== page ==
Discriminatory harassment is a form of discrimination consisting of unwelcome verbal, written, graphic, or physical conduct that:
- Is directed at an individual or group of individuals on the basis of the individual or group of individuals’ actual or perceived protected status, or affiliation or association with person(s) within a protected status (as defined herein); and
- Is sufficiently severe or pervasive so as to interfere with an individual’s employment, education or academic environment or participation in institution programs or activities and creates a working, learning, program or activity environment that a reasonable person would find intimidating, offensive or hostile.
To constitute prohibited harassment, the conduct must be both objectively and subjectively harassing in nature. Harassment may include, but is not limited to, verbal or physical attacks, threats, slurs or derogatory or offensive comments that meet the definition set forth herein. Harassment does not have to be targeted at a particular individual in order to create a harassing environment, nor must the conduct result in a tangible injury to be considered a violation of this policy. Whether the alleged conduct constitutes prohibited harassment depends on the totality of the particular circumstances, including the nature, frequency and duration of the conduct in question, the location and context in which it occurs and the status of the individuals involved.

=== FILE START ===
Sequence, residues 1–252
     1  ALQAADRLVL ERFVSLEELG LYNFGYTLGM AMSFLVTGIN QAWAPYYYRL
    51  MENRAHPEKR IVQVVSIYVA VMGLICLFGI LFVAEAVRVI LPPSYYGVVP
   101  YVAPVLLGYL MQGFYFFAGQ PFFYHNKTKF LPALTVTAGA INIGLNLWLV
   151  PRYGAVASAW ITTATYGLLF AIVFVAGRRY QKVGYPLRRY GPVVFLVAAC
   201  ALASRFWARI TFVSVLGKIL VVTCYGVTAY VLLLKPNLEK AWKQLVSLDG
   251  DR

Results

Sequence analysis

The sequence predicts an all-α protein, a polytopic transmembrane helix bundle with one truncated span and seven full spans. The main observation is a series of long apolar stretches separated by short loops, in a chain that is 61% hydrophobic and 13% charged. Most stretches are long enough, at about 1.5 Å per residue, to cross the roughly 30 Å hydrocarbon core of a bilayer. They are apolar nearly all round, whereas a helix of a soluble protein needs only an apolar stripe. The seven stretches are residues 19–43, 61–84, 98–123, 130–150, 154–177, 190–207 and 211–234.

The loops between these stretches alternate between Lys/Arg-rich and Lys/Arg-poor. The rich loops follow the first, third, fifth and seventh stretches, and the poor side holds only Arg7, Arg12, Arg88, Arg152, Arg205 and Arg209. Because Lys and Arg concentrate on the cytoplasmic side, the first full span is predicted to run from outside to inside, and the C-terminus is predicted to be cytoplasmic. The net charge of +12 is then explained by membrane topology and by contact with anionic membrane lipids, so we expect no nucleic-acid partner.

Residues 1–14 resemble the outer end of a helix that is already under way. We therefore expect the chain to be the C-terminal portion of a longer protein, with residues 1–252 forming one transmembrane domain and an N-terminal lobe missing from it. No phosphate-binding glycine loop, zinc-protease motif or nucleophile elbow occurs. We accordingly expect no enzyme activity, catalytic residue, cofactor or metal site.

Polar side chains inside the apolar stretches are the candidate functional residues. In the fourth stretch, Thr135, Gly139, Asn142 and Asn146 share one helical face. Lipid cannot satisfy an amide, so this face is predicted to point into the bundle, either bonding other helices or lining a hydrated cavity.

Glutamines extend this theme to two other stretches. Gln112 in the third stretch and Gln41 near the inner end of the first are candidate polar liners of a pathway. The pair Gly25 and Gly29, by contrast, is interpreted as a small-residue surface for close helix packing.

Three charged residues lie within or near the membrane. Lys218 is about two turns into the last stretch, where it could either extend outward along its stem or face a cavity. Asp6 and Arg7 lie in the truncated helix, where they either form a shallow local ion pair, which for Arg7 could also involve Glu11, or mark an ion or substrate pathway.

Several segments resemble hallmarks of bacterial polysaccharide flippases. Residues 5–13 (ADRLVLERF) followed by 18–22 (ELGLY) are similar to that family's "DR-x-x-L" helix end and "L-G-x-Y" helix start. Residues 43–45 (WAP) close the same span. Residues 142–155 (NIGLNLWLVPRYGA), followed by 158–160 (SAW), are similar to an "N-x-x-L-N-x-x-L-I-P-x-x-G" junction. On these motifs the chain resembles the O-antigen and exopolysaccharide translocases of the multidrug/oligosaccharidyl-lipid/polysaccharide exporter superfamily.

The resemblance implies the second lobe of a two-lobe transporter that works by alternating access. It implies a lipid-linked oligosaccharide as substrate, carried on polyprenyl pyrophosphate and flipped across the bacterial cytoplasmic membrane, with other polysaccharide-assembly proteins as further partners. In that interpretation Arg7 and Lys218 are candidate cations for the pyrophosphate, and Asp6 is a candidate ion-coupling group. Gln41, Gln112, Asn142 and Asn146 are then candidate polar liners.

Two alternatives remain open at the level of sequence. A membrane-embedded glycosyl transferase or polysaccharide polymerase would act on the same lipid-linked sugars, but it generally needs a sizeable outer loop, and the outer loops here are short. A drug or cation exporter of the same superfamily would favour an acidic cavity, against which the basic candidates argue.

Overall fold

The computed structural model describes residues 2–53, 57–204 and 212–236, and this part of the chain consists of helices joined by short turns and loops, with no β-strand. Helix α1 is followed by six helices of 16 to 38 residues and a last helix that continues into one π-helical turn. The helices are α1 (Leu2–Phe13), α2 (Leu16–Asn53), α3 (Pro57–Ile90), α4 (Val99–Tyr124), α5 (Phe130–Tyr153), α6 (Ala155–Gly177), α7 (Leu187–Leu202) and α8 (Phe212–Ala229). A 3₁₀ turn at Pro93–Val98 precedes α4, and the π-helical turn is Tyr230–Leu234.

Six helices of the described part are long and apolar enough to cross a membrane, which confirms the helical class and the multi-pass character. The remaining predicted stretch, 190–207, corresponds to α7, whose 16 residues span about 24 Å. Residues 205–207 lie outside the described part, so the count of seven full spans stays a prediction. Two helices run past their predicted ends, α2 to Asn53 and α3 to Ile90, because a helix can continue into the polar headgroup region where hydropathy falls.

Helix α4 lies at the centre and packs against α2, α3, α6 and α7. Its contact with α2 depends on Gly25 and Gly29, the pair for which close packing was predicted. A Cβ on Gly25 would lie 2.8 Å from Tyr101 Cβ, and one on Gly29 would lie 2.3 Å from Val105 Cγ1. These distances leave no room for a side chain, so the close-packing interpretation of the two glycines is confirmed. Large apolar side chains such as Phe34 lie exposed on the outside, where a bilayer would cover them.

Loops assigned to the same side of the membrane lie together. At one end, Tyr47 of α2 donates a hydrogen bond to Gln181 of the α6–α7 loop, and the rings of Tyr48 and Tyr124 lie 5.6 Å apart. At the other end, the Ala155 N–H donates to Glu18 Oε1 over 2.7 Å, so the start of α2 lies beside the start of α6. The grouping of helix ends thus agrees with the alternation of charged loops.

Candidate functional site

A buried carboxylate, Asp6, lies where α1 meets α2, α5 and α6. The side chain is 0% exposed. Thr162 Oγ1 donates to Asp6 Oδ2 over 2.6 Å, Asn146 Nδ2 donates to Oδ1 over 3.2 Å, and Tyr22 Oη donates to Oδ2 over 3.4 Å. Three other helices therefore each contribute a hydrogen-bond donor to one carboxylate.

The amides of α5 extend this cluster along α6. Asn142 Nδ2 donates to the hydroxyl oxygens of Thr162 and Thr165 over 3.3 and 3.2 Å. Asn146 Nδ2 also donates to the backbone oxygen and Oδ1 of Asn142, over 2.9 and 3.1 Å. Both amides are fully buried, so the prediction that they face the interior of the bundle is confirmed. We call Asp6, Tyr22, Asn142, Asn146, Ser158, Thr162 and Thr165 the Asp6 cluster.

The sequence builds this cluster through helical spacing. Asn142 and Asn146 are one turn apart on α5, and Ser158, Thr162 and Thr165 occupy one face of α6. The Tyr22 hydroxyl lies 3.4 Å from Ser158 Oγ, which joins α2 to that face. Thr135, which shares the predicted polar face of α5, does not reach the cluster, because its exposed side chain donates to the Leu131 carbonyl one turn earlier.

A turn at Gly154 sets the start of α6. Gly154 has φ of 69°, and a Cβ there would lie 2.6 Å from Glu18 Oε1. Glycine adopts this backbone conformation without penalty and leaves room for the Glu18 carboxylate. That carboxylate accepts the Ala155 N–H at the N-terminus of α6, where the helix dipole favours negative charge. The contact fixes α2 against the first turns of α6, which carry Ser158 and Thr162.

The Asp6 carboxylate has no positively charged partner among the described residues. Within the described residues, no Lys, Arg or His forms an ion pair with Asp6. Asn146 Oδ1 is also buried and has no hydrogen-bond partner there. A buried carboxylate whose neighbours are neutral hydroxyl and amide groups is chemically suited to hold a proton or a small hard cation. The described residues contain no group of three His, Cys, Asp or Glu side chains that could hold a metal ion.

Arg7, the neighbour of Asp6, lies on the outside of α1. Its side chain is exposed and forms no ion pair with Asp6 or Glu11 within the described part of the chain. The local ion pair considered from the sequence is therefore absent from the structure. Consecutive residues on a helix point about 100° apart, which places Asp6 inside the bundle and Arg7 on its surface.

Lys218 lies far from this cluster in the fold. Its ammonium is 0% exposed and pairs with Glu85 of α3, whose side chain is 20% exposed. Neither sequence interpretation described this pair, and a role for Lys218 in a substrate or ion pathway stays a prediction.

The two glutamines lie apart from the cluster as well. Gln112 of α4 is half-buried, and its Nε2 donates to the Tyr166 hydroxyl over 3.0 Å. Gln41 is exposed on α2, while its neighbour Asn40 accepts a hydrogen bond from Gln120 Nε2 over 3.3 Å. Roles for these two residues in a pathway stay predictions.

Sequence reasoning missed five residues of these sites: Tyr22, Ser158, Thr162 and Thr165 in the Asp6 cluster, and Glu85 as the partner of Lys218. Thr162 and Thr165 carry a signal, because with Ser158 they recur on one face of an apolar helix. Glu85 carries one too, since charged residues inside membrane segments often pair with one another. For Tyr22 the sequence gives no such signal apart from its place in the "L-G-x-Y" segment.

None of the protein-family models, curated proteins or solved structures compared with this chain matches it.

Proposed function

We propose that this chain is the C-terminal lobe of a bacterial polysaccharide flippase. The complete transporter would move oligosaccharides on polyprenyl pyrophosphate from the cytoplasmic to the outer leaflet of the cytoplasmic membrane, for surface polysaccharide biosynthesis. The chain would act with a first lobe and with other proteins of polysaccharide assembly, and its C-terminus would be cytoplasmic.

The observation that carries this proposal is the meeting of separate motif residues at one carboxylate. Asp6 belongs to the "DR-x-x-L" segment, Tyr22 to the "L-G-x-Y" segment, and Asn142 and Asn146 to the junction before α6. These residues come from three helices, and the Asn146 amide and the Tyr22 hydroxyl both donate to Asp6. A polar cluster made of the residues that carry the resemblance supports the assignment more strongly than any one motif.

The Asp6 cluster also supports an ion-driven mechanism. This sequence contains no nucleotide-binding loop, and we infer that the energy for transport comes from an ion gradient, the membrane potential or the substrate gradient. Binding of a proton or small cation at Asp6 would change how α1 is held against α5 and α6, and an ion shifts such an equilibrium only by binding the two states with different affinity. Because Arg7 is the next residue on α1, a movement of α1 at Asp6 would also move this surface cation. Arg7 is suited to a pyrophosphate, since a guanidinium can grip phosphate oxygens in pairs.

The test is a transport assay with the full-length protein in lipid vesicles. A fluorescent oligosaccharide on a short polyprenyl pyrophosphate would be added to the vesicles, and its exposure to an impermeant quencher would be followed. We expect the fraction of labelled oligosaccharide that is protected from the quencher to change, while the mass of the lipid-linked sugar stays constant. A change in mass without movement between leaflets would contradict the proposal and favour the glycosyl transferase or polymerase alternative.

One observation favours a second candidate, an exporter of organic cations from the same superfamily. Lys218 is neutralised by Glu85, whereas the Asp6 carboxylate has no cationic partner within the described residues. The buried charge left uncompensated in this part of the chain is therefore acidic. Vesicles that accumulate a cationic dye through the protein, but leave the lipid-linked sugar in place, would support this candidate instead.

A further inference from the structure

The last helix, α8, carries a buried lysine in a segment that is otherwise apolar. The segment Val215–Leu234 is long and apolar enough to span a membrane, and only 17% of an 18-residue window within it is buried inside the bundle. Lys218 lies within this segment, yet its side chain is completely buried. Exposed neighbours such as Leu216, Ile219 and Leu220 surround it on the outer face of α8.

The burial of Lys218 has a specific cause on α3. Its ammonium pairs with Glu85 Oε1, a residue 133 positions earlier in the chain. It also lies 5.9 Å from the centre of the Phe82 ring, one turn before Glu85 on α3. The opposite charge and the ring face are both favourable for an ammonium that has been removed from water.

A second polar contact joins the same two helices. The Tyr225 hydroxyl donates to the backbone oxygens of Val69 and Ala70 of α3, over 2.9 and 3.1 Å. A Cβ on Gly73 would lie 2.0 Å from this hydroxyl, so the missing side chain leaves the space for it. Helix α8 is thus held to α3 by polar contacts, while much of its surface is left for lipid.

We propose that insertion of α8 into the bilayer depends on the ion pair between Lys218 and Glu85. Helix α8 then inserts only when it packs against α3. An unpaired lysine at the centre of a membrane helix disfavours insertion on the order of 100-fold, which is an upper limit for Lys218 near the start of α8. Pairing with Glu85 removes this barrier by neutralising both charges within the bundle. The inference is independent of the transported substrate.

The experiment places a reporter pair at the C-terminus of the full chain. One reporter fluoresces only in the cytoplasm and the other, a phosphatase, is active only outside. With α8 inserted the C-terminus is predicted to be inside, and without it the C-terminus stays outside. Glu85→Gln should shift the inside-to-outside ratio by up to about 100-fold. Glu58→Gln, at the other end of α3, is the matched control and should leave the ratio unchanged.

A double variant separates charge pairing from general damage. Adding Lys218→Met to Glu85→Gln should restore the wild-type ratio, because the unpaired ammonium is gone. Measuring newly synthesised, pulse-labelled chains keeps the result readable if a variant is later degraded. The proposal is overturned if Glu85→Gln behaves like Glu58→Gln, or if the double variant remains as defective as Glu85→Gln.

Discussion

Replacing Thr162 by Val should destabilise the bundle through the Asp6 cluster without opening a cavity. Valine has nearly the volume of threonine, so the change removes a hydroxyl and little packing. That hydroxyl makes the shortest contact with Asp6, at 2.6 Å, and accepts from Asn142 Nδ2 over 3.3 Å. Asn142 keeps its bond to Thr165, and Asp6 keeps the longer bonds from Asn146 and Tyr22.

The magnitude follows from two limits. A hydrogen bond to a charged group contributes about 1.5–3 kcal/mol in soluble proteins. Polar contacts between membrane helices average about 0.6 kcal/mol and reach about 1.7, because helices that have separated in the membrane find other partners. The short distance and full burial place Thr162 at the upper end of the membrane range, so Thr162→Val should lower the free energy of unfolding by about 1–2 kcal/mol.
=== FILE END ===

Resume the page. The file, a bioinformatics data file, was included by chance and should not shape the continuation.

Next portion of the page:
To be considered discriminatory harassment, the complainant must allege that the harassment is based on one or more of the categories listed in these procedures depending on whether the complainant is a student or applying for admission to the University; an employee, or applying for employment at the University; or a visitor to campus.
For more information regarding discriminatory harassment, see:
What is Sexual Harassment?
State of Wisconsin Division of Workforce Development: Harassment in the Workplace
UW Equal Employment Opportunity Commission Harassment and Sexual Harassment: Types of Harassment and Facts about Sexual Harassment
U.S. Department of Education: Sexual Harassment Resources, Dear Colleague Letter (2010), and Racial Incidents and Harassment Against Students